Is there a way of keeping control of your relationship data, without the costs of maintaining it going through the ceiling? Data Retirement could be a serious option, insists Michiel van der Lans, who explains why in this blog, as well as what it is.
Remember the “good old days”, when a bank or insurer just needed a name and date of birth to identify a customer. That’s truly unimaginable in this day and age, when so much more information is needed in customer identification. Like a telephone number, for example, an email address, or even a Facebook account or Twitter name. Every day, banks and insurers are having to deal with increasing amounts of relationship data. And managing it all is getting more and more complicated and labour-intensive.
Increasing legislation and regulations – and costs
The continuing proliferation of relationship data has been accompanied by increasing legislation and regulations that require, and even demand, that your data management is properly in order. You need think no further in this context than GDPR, KYC, CDD and UBO. But, of course, as a financial-services provider not only do you want your relationship data to be in order, it also has to be correct. And this means that your data must be maintained, properly.
Today’s data-quality requirements make the maintenance of relationship data expensive. Just here in the Netherlands, for example, there are about 5,000 mutations every day. Changes of address, telephone numbers, civil status, and so the list goes on. According to recent studies, the upkeep of a data set costs approximately a euro per year, per data record. Now while that might seem manageable, consider the millions of records in many databases, do the math, and it quickly becomes evident that it all adds up.
A solution: Data Retirement
Given that the maintenance of relationship data – particularly taking into account current legislation and regulations – is a very costly business, is there a solution? There is: Data Retirement. At the moment, many banks and insurers maintain databases, just in case they might need access to obsolete data. Data that is subject to regulatory retention requirements cannot simply be purged. With Data Retirement, however, data is not purged; it is stored in a separate, secure environment that does not need to be maintained. In other words, the data is removed from the active customer database. Once data is stored in this environment, it is very difficult to reactivate the application or access the data in a readable format.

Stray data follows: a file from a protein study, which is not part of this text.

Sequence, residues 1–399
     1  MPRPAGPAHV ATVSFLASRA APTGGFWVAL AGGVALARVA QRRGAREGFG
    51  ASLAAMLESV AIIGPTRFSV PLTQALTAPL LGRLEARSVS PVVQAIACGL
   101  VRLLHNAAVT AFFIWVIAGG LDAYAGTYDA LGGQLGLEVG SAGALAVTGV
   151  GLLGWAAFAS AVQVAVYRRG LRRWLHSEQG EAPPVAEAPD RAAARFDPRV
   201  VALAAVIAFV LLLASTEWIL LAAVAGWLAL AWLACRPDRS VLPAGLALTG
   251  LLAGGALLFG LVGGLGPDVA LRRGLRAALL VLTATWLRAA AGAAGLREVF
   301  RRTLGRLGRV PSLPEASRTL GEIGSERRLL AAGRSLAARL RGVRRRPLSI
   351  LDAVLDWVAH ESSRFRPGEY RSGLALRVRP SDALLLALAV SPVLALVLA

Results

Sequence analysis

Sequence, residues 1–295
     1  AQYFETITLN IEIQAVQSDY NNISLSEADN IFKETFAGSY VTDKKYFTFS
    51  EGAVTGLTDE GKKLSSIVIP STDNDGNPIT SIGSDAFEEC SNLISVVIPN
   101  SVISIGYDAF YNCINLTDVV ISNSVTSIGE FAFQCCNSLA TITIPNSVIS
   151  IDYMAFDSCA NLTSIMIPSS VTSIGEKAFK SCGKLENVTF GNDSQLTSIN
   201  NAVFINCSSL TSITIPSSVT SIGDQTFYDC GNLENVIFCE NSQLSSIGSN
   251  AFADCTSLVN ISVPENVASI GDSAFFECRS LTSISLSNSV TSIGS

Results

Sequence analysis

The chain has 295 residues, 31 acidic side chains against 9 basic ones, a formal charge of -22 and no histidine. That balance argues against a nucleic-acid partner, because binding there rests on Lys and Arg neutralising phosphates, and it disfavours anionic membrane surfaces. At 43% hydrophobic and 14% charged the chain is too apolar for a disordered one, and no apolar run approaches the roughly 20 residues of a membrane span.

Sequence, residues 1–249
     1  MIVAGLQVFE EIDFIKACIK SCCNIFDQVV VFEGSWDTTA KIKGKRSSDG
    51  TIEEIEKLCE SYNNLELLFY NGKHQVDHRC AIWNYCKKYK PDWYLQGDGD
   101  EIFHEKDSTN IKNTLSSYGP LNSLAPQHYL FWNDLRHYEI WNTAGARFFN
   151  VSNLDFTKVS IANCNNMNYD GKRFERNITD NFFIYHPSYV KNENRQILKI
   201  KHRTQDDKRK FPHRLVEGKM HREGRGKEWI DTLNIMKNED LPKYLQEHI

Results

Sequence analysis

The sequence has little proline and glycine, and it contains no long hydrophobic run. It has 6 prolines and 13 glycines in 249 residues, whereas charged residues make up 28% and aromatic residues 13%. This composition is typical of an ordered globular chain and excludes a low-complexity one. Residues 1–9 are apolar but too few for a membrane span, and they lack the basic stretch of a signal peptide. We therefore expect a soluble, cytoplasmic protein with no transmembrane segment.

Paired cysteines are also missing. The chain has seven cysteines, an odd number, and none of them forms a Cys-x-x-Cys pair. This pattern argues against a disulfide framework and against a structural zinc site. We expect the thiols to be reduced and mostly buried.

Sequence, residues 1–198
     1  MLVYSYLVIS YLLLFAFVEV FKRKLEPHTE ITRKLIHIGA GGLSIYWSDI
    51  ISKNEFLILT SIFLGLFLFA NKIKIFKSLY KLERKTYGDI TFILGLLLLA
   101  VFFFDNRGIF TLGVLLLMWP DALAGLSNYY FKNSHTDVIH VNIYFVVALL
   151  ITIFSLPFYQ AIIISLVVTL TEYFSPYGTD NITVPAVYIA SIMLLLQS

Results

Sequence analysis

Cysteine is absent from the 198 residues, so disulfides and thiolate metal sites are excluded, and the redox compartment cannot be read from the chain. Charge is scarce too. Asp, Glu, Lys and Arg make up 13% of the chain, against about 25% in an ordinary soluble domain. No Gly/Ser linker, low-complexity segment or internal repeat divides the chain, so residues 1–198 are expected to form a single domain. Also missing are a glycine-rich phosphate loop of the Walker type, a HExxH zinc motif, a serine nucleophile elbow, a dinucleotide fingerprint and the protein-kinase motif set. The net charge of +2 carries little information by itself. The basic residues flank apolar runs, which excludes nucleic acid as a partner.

What are the advantages? Well, first of all Data Retirement can save you a lot of money. The active data file becomes smaller, meaning there is less data in it that needs to be maintained. And the number of data loads is also reduced. The costs savings, which are substantial, are made in the areas of hardware, business efficiency and data quality. Secondly, your active database will not contain unnecessary data. This makes it easier to identify your customers and you’ll be able to give them better service. And because you’ll have the most up-to-date customer data, you’ll be able to offer unique and bespoke customer service. This is still something that constitutes a significant challenge for many financial-services providers. Faced with competition from today’s amazon.coms, this is definitely an area in which you need to keep pace. Your customers even expect you to.
Data “offboarding” – let’s do it!
In financial-services circles the term data “offboarding” may sound ambiguous and even a little scary, but it does offer substantial advantages. For example, Data Retirement can save considerable costs when it comes to data maintenance and data recovery. Additionally, it can be an indispensable way of offering your customers a good customer experience. Data Retirement never actually deletes data, it moves it to a separate environment where it is archived. Put a different way, you could say that it’s data that has retired, but doesn’t draw a pension. So what are you waiting for? Everyone – including data – should be able to look forward to a well-deserved retirement, right?
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